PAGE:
I also got to do a book-signing for our High Performance Python book (co-authored with Micha Gorelick), O'Reilly sent us 20 galley copies to give away. The finished printed book will be available via O'Reilly and Amazon in the next few weeks.

Book signing at EuroSciPy 2014

If you want to hear about our future courses then join our low-volume training announce list. I have a short (no-signup) survey about training needs for Pythonistas in data science, please fill that in to help me figure out what we should be teaching.

I also have a further survey on how companies are using (or not using!) data science, I'll be using the results of this when I keynote at PyConIreland in October, your input will be very useful.

Here are the slides (License: CC By NonCommercial), there's also source on github:


Ian applies Data Science as an AI/Data Scientist for companies in ModelInsight, sign-up for Data Science tutorials in London. Historically Ian ran Mor Consulting. He also founded the image and text annotation API Annotate.io, co-authored SocialTies, programs Python, authored The Screencasting Handbook, lives in London and is a consumer of fine coffees.

30 Aug 2014 11:06am GMT

Ian Ozsvald: Slides for High Performance Python tutorial at EuroSciPy2014 + Book signing!

Yesterday I taught an excerpt of my 2 day High Performance Python tutorial as a 1.5 hour hands-on lesson at EuroSciPy 2014 in Cambridge with 70 students:

IMG_20140828_155857

We covered profiling (down to line-by-line CPU & memory usage), Cython (pure-py and OpenMP with numpy), Pythran, PyPy and Numba. This is an abridged set of slides from my 2 day tutorial, take a look at those details for the upcoming courses (including an intro to data science) we're running in October.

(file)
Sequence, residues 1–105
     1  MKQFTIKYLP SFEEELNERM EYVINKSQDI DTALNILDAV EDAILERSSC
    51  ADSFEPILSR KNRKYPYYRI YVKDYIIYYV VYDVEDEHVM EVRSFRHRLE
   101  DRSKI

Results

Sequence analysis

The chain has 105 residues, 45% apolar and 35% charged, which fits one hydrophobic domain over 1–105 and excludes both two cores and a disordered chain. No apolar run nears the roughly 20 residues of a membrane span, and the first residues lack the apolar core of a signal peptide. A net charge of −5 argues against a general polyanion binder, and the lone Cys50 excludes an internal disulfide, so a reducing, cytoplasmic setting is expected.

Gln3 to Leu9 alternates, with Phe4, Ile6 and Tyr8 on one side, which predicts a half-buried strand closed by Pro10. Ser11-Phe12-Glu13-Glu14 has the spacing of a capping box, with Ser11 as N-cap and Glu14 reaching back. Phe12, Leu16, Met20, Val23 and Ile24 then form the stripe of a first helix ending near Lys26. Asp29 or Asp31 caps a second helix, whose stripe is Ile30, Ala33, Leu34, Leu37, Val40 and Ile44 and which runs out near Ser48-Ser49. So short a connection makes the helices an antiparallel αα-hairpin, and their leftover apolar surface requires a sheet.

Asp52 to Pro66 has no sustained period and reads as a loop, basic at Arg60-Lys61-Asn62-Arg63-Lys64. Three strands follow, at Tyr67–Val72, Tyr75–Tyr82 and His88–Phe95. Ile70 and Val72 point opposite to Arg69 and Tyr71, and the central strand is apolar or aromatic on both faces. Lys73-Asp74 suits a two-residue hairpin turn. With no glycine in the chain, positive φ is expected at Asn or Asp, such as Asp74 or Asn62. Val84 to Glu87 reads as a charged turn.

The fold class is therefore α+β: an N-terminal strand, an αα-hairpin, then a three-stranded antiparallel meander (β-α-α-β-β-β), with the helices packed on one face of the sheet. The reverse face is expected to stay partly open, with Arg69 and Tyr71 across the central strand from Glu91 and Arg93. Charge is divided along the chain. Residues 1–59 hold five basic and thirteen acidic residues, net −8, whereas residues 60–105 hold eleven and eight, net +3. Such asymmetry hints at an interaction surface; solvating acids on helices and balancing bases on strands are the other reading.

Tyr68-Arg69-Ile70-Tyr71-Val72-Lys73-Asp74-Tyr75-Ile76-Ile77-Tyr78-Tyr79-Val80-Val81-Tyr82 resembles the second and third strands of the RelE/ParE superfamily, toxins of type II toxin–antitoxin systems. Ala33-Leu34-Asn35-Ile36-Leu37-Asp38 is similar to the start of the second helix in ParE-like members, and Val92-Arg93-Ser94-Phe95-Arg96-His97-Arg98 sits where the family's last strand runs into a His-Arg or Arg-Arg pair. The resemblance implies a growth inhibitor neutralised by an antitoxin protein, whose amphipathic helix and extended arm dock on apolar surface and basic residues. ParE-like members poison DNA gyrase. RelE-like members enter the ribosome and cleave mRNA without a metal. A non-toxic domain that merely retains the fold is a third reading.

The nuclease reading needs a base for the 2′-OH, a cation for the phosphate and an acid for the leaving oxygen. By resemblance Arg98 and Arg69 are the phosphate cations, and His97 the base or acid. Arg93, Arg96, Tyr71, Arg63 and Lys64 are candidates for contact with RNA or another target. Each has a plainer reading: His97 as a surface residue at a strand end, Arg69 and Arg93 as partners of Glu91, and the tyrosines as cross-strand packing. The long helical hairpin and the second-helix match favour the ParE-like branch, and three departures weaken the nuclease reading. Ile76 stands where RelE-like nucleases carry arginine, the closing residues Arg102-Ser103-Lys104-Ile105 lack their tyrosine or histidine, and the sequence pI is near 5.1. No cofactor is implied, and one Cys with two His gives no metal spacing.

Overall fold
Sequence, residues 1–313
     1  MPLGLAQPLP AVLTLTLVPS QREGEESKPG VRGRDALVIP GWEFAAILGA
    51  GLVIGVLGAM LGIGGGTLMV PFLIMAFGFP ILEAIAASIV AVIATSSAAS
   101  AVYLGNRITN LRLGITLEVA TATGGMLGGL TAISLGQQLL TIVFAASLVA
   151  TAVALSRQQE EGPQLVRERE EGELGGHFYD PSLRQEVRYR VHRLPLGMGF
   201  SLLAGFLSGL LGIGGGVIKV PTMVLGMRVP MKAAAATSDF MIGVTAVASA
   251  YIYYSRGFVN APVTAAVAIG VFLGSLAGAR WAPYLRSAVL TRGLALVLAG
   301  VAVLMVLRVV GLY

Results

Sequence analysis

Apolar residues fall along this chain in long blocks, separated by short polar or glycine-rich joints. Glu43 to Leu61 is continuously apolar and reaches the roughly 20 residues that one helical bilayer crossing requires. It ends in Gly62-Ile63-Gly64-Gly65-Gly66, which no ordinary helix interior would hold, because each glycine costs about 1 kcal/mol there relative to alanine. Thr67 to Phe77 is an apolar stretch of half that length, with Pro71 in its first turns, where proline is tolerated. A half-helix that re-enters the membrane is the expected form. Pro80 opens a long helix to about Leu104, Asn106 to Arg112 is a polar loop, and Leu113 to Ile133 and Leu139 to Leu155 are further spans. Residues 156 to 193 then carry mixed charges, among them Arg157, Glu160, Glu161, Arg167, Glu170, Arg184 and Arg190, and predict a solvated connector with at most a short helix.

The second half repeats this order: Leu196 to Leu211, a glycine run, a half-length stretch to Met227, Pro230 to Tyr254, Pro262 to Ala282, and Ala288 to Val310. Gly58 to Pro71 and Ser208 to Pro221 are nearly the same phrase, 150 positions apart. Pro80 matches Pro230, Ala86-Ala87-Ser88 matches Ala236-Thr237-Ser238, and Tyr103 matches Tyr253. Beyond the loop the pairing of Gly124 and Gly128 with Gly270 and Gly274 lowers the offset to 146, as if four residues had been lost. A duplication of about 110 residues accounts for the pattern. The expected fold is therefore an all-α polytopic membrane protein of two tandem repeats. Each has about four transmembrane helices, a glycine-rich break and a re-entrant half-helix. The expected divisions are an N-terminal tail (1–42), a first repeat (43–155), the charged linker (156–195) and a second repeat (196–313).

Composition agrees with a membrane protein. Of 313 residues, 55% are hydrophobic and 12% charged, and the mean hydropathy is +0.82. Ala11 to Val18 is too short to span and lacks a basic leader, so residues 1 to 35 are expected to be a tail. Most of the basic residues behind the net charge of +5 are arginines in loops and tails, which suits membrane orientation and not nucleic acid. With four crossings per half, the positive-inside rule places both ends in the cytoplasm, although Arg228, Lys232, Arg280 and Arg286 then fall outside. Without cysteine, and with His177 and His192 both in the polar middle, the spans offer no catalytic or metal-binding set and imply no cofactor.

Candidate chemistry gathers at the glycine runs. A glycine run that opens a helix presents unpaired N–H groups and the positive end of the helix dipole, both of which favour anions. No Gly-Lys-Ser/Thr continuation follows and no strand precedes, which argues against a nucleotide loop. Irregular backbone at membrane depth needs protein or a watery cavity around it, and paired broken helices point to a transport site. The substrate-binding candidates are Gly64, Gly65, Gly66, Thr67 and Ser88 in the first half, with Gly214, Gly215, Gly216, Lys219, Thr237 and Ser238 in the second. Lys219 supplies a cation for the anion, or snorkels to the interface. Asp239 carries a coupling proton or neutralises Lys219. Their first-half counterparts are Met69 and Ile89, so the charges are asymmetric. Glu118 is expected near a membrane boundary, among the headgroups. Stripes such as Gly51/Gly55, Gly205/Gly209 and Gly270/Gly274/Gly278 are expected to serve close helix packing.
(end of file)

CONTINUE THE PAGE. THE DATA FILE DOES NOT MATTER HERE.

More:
I also got to do a book-signing for our High Performance Python book (co-authored with Micha Gorelick), O'Reilly sent us 20 galley copies to give away. The finished printed book will be available via O'Reilly and Amazon in the next few weeks.

Book signing at EuroSciPy 2014

If you want to hear about our future courses then join our low-volume training announce list. I have a short (no-signup) survey about training needs for Pythonistas in data science, please fill that in to help me figure out what we should be teaching.

I also have a further survey on how companies are using (or not using!) data science, I'll be using the results of this when I keynote at PyConIreland in October, your input will be very useful.

Here are the slides (License: CC By NonCommercial), there's also source on github:


Ian applies Data Science as an AI/Data Scientist for companies in ModelInsight, sign-up for Data Science tutorials in London. Historically Ian ran Mor Consulting. He also founded the image and text annotation API Annotate.io, co-authored SocialTies, programs Python, authored The Screencasting Handbook, lives in London and is a consumer of fine coffees.

30 Aug 2014 11:06am GMT

29 Aug 2014

feedPlanet Python

Alec Munro: It's yer data! - how Google secured its future, and everyone else's

Dear Google,

This is a love letter and a call to action.

I believe we stand at a place where there is a unique opportunity in managing personal data.

There is a limited range of data types in the universe, and practically speaking, the vast majority of software works with a particularly tiny fraction of them.

People, for example. We know things about them.